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Package Changes Prove Challenging for Some

Terrie Ellerbee, associate editor
Terrie Ellerbee, associate editor

She wrote that her mother got so frustrated with the cap that she finally resorted to just unscrewing the whole darn thing.

That was my daughter commenting on my frustration with Coffeemate via the Web.

The cap does frustrate me. It either won’t open like it is ­supposed to or it won’t shut right. And if it is not snapped all the way and you pick it up and shake it, well it can make quite a mess.

(Not sure why the shaking thing is such a habit. It just is. I shake milk, too.)

We love Coffeemate. Everything about it is wonderful.

Except for that darn cap.

And Nestle was nice enough to actually reply to her, and sent coupons for discounts and a free bottle of the creamer.

The cap is still the same, but we appreciate the ­acknowledgment.

And, of course, we still use Coffeemate.

It was not until I saw CNBC’s “Supermarkets Inc.: Inside a $500 Billion Money Machine” that it finally clicked for me just how much time teams of people all across the world spend studying one thing: the package of our favorite products.

They work around the clock to make it more comfortable to hold and use, more attractive, more functional, more … well, better in every imaginable way. They study the handles, the box or bag, the colors (green is very popular) and other things people don’t even notice, like making it ever so slightly smaller or more stable on the grocery store shelf.

Well, that probably explains why my husband is always having so much trouble finding the specific products on our grocery list.

There is this suspicion nagging me that maybe products ­females use a lot get changed more often than others. Feminine hygiene products may be in a blue box one trip and in a pink bag the next. Or, the name has completely changed to something like “Pearl” or “U.”

For the younger set, the choices are even more dizzying. There are designer pads in sparkly boxes just for tweens. Since girls seem to be reaching that milestone earlier and earlier, some as young as 8 years old, it would make sense to offer smaller sizes, and they do. But limited edition designer series with prints called “punk glam” and “poptimistic?”

Not sure about that one.

All that pales, though, to the biggest package problem at the store. Like millions of American women, our family has made drastic changes to the household budget. Some changes seemed to be easier to make than others and—a bonus!—would also have the biggest impact on our savings.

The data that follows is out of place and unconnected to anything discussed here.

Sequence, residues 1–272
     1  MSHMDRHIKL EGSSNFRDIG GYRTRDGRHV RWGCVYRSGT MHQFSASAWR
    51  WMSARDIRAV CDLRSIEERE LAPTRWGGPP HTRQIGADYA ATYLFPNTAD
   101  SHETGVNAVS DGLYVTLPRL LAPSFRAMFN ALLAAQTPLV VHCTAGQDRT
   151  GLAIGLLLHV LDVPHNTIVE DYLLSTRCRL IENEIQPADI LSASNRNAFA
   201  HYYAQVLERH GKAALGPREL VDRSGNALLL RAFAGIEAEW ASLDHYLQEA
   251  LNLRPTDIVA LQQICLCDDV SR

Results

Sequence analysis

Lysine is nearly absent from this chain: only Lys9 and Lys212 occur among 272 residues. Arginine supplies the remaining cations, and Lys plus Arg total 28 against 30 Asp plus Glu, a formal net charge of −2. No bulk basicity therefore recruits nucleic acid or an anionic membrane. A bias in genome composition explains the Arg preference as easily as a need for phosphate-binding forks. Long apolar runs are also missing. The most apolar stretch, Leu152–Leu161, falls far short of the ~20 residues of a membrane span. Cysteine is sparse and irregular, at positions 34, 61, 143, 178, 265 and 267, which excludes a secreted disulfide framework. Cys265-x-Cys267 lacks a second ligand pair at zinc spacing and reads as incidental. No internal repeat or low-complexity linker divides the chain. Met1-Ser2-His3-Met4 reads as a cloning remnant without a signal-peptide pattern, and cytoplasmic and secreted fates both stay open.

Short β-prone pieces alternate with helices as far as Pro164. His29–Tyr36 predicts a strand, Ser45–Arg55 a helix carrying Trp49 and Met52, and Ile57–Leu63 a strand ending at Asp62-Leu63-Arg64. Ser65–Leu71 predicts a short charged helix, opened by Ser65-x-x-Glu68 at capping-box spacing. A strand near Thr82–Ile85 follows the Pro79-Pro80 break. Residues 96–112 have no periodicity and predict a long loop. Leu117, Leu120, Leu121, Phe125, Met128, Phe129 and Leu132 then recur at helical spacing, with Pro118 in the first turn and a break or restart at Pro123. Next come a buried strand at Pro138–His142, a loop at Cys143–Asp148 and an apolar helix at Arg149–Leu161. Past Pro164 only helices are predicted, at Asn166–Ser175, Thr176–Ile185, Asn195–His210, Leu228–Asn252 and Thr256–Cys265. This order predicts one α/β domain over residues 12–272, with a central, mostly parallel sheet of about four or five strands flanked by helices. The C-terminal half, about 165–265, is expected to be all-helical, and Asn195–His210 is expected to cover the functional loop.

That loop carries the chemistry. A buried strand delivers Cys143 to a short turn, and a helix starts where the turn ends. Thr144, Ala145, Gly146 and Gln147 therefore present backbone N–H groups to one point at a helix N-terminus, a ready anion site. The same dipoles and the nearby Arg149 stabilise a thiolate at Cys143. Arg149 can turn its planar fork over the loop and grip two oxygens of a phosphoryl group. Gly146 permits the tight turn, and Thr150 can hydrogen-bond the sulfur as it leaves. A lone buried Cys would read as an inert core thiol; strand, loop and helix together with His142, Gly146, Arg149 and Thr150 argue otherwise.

One change was that rather than going to the salon for hair color (about $120), I started doing it myself (after a lengthy period of proudly “going gray”). Store-bought hair color cost only about $8 a box and if you can get the color right, well, who would notice?

FYI: This is NOT going to be a story about hair color gone wrong.

My personal choice—Clairol Natural Instincts, a temporary color that lasts for 28 shampoos—has made me perfectly happy. It doesn’t have a strong smell, is easy to apply and doesn’t cost much.

But in the time that I’ve been using it, maybe a year or so, I can’t keep up with the changes.

The shades, Spiced Tea, Ebony Mocha, Amber Shimmer … their names seem to change regularly, too, but that could just be me.

Recently, Procter & Gamble, maker of Clairol, added some of that very popular green color to the package design, which seems appropriate if you have a name like Natural Instincts.

And there are new women on the front of the boxes.

My girl had curly hair.

We can’t find her.

P&G also added a new piece to the hair-coloring puzzle with a “revitalizer” to use two weeks after coloring to keep the color looking fresh.

Yes, this is the hair color that was just recalled.

Fortunately for me, two weeks hadn’t passed after the last coloring—and I see a lot of press releases. That particular one really stood out.

We got a good laugh here at the office when we saw the reason for the recall: “unwanted color result.”

Most women have had this happen at home, whether it came out too dark, too orange, too purple or just flat out, well, unwanted. It really had nothing to do with the hair color itself. It usually was operator error.

It seems like only yesterday that my sister sat on the toilet with a towel over her head squalling herself sick over the very vibrant shade of orange she now sported. (That was a good 30 years ago. For the record, her hair is impeccable today.)

Turns out that when these particular Natural Instincts ­products were packaged, the revitalizer two-week refresher sachet was mismatched to the hair color in the box. So just a toss in the trashcan took care of that.

My 28 shampoos are almost up and I hope we can find the right box this time. Was that Wake Up Cocoa or Coffee Crème?

And as for the coffee creamer—and that darn cap—there is no doubt that it will improve, possibly even before we buy the next bottle.

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